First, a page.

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‘Up in the Air’ Sounds Great, Too

Hank Williams didn’t fit, but director Jason Reitman went from Detroit soul to acoustic folk for the music in his new movie.

I’ll write more about the film “Up in the Air” soon; for now, suffice it to say that it’s a restrained, timely, resonant work that lives up to the considerable buzz it’s been acquiring lately.

But before I get into that, I want to say a little about the film’s music, which grabbed me right off the bat. A few years ago, I was listening to KCRW when I heard a tough, funky version of “This Land Is Your Land”; determined to buy it, I went to the radio station’s website only to find that it was from an album that wouldn’t be coming out for a couple of months.

So I forgot about it  … until last night, when the opening credits of “Up in the Air” featured that same song, from a New York-based band called Sharon Jones and the Dap-Kings.

At a post-screening reception, when I told director Jason Reitman (right, with George Clooney) that he’d rescued a song I loved but had forgotten about, he immediately started enthusing about Jones, and about other artists on the Brooklyn-based Daptone Records label, which records new soul, funk and gospel music with the feel of classic low-tech, down-home recordings from Detroit labels of the 1960s.

But he also admitted that he’d initially planned a different opening-credits song for his film: Hank Williams’ mournful “Ramblin’ Man.”

The Williams song certainly makes sense as an introduction to George Clooney’s character, a corporate "termination engineer" who travels around the country firing people.

You couldn’t get a more artful description than this initial verse:

"I can settle down and be doin’ just fine
‘Til I hear an old freight rollin’ down the line
Then I hurry straight home and pack
And if I didn’t go I believe I’d blow my stack"

“I always thought that would be the opening song, but it turned out to be too sad and downbeat,” Reitman said after the screening at ICM in Century City.  “So I put ‘This Land is Your Land’ in there, and it seemed to fit.”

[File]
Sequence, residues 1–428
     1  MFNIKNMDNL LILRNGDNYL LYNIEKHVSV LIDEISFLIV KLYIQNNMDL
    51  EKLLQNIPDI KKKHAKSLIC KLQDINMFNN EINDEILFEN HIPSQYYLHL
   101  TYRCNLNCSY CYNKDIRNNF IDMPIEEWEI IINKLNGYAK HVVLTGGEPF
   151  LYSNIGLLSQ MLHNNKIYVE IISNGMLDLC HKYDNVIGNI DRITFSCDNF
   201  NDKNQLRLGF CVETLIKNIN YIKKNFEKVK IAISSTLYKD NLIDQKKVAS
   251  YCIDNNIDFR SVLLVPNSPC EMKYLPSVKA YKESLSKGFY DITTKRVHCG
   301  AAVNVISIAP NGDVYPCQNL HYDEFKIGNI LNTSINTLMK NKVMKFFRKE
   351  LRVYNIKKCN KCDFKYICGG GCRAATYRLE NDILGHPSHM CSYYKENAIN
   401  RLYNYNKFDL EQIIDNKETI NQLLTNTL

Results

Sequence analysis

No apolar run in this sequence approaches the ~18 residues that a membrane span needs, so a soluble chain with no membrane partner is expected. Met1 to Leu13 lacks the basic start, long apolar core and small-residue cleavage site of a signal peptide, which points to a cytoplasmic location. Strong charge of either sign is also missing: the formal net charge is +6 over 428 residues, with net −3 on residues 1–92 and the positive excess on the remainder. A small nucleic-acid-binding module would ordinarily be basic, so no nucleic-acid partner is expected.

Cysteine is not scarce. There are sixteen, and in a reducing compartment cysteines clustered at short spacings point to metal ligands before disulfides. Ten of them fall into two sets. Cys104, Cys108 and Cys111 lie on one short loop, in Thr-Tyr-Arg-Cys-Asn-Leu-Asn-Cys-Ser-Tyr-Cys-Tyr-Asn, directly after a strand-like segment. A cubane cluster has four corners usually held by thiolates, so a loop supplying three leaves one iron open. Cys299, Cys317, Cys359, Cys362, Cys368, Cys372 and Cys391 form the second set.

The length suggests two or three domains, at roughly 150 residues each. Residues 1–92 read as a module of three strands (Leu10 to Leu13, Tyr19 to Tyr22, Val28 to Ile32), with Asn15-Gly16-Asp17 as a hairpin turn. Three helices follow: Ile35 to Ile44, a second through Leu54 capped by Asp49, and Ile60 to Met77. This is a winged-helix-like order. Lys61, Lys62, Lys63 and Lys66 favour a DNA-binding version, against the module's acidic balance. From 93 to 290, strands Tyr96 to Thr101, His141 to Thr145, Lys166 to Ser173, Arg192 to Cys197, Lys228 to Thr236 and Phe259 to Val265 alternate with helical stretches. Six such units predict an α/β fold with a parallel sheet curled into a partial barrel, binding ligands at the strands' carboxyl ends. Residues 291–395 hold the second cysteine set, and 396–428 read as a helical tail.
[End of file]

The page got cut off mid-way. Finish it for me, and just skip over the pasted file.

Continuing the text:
Reitman’s last film, "Juno," helped propel indie-rock tunes like the Moldy Peaches’ "Anyone Else But You" onto the charts, and gave the Rhino Records label its first No. 1 album ever.  The new soundtrack also is coming out on Rhino — which, in a sad reminder of just how timely Reitman’s theme is, recently fired 40 employees.  

But unlike "Juno," whose key songs were all previously released, "Up in the Air" figures to have a contender in the Oscar best-song race. “Help Yourself,” a gentle, acoustic and quietly inspirational ballad by Brad Smith (who records as Sad Brad Smith), plays behind a few emotional moments about two-thirds of the way into the film.

Given the way the music branch nominates original songs – they vote after watching the sequences in which the songs appear – that means it’ll at least get a proper amount of attention and respect.

A different song, though, has gotten the lion’s share of attention: it’s the title track, written by an unrecorded, unemployed St. Louis musician who handed a cassette to Reitman after the director did a Q&A at Webster University.

Reitman found a tape deck, listened, liked the song and put it in his movie – and now the musician, Kevin Renick, is in a movie he didn’t even know existed at the time he decided to write a song called “Up in the Air.”

Renick’s journey makes for a terrific story, albeit one that disqualifies the song from Oscar contention – after all, songs have to be written specifically for the movie in order to be eligible. Its placement in the film also takes it out of the running: An end-credits song is eligible for a nomination only if it’s the first piece of music heard during the credits, whereas Renick’s song comes midway through the credits, after an old Graham Nash track.

Then again, I doubt the guy was thinking about an Oscar nomination when he sat down to write a song about being laid off. Chances are he’s happy enough that Reitman gave him a listen.